From the American Health Lawyer’s Association (www.healthlawyers.org):
The U.S. District Court for the District of Colorado ruled on March 4th that a physician and his practice group failed to prove that a hospital violated state and federal antitrust laws by giving an exclusive contract to another nephrology practice (Four Corners Nephrology Associates v. Mercy Med. Center of Durango, No. 1:05-02084 (D. Colo., Mar. 4, 2008)).
The plaintiffs—Dr. Mark Bevan and his practice, Four Corners Nephrology Associates (FCNA)—alleged that Mercy Medical Center of Durango obtained an illegal monopoly on kidney treatment by entering into an exclusive contract with Dr. Mark Saddler and his practice, Durango Nephrology Associates (DNA). Dr. Bevan had been a consulting staff member at Mercy since 1982, treating kidney dialysis patients. He alleged that Mercy, by hiring Dr. Saddler as its own kidney specialist, had monopolized the market for dialysis services by giving all of its business to Dr. Saddler. Dr. Bevan alleged illegal tying, monopoly, attempted monopoly, and conspiracy to restrain trade in violation of Colorado antitrust law and Sections 1 and 2 of the Sherman Act.
The court ultimately found insufficient evidence that Mercy had monopolized or attempted to monopolize the market for dialysis services, ruling that Mercy has “no control over price with respect to government payers, and there is simply no indication, even assuming Mercy has a dominant market share for nephrology physicians services in the Durango area, that Mercy has any particular leverage with the commercial insurers as a result of its position.” Without evidence of such control or leverage, the court concluded that Mercy lacks monopoly power in the relevant area.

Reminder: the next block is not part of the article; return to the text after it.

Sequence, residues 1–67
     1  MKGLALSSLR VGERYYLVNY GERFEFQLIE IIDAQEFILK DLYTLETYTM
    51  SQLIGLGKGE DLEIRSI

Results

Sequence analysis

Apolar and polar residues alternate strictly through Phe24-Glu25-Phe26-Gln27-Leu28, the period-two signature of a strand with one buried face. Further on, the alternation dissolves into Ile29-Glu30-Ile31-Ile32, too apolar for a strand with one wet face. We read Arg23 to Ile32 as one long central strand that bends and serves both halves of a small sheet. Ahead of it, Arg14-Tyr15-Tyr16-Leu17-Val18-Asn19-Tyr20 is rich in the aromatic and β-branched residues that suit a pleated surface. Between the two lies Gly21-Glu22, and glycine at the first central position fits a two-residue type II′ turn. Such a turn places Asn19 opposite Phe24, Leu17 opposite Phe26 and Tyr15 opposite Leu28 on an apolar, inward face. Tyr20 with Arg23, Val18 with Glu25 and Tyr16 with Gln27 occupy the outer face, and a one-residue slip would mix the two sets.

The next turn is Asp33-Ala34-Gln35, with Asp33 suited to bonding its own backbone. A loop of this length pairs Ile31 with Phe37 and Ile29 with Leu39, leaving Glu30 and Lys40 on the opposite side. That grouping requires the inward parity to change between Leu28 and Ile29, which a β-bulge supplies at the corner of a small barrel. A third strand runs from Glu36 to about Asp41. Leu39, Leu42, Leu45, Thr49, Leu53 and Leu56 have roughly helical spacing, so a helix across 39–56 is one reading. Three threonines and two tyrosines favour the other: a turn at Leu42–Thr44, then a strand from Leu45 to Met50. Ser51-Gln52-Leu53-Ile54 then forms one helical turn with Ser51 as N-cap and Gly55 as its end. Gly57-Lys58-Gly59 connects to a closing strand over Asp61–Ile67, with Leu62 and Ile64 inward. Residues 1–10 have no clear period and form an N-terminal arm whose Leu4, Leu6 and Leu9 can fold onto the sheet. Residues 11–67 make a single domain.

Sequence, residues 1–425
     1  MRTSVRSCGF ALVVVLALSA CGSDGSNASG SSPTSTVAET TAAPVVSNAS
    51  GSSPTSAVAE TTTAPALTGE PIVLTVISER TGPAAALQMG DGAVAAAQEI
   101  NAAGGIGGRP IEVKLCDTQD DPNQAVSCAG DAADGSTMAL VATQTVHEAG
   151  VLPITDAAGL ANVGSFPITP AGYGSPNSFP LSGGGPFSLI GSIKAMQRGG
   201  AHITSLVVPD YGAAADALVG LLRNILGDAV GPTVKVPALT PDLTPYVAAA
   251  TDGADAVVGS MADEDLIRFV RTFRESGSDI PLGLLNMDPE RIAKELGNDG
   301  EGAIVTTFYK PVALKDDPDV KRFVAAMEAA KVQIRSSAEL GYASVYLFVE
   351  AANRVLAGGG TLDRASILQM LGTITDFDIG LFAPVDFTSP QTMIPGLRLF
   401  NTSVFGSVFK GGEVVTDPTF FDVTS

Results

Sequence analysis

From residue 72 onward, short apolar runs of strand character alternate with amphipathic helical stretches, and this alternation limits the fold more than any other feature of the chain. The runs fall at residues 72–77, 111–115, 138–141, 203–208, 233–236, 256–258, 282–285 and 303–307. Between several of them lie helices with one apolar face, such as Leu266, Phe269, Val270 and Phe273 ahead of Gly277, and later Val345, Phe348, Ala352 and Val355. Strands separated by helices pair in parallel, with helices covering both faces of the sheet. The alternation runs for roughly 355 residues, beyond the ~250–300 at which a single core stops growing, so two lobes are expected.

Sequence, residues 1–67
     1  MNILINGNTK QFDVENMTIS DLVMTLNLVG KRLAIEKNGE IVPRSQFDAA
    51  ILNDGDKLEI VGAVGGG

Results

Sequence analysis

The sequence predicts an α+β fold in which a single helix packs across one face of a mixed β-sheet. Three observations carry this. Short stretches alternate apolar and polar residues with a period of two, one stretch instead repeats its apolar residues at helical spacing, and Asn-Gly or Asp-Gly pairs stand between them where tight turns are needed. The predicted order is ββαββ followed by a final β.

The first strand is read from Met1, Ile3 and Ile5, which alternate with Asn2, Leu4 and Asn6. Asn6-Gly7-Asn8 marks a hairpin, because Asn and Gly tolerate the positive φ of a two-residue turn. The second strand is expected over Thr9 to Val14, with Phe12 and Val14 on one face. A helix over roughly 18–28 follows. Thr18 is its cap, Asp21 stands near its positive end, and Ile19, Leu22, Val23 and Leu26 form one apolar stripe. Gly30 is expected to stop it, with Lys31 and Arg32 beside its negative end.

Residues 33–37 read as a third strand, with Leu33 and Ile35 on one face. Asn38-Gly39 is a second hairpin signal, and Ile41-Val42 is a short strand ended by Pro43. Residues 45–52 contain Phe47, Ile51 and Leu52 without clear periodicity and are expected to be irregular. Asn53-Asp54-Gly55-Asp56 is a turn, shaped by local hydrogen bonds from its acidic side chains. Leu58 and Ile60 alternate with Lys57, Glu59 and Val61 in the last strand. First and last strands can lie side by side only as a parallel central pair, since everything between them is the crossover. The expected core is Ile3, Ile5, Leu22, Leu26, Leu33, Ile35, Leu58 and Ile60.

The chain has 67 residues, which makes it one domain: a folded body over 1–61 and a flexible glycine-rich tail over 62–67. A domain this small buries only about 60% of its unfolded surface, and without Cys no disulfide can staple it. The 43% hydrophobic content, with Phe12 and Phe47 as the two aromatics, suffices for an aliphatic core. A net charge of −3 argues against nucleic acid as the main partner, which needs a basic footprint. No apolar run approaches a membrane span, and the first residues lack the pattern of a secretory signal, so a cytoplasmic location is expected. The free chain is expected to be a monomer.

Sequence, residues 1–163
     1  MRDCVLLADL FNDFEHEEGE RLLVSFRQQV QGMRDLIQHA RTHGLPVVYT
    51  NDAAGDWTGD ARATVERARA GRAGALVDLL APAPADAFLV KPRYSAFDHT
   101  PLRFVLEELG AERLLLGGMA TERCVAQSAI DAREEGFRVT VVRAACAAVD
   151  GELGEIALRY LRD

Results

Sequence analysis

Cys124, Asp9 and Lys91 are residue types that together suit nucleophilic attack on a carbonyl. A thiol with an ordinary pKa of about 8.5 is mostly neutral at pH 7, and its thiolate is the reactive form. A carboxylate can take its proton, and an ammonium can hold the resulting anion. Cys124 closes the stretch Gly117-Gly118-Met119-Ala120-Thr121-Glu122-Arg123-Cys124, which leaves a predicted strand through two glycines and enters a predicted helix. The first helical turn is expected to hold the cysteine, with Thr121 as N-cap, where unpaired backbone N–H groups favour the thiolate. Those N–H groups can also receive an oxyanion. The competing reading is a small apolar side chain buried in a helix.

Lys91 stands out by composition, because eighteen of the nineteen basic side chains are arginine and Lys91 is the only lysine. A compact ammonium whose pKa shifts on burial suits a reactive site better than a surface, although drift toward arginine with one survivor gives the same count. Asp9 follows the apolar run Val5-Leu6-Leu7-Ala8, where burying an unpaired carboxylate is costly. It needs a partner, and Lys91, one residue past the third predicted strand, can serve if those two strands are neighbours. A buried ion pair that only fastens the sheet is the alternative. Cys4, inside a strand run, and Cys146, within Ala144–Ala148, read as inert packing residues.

The plaintiff’s conspiracy claims also failed because the court did not find any direct or circumstantial evidence of any concerted action with respect to Mercy’s decision to contract exclusively with Dr. Saddler.
Dr. Bevan alleged that Mercy conspired with Dr Saddler and others to exclude providers of nephrology services—except those in Dr. Saddler’s practice—from maintaining privileges at Mercy. According to the court, however, while Mercy had a “collaborative relationship” with Dr. Saddler, there was no indication that conversations relating to the hiring of Dr. Saddler included a joint decision to enter into an exclusive contract and thus to preclude Dr. Bevan from obtaining staff privileges at Mercy.
The court declined to dismiss Dr. Bevan’s claims of illegal tying, however, and agreed to hold another hearing on this issue to resolve a factual dispute over the appropriate geographic market for nephrology services.
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